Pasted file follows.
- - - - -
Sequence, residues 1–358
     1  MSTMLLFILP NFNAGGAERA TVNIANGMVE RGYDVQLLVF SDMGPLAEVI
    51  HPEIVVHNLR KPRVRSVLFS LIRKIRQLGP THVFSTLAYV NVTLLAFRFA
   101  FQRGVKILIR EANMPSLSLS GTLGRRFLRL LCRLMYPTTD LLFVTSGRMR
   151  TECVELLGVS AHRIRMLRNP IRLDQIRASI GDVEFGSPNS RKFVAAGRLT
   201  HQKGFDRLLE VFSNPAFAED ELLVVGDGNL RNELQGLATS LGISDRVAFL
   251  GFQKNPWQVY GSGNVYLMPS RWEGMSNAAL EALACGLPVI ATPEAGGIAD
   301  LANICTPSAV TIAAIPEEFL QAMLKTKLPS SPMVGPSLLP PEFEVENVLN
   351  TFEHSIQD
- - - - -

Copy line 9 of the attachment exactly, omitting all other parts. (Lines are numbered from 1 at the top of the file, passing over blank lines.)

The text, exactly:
   351  TFEHSIQD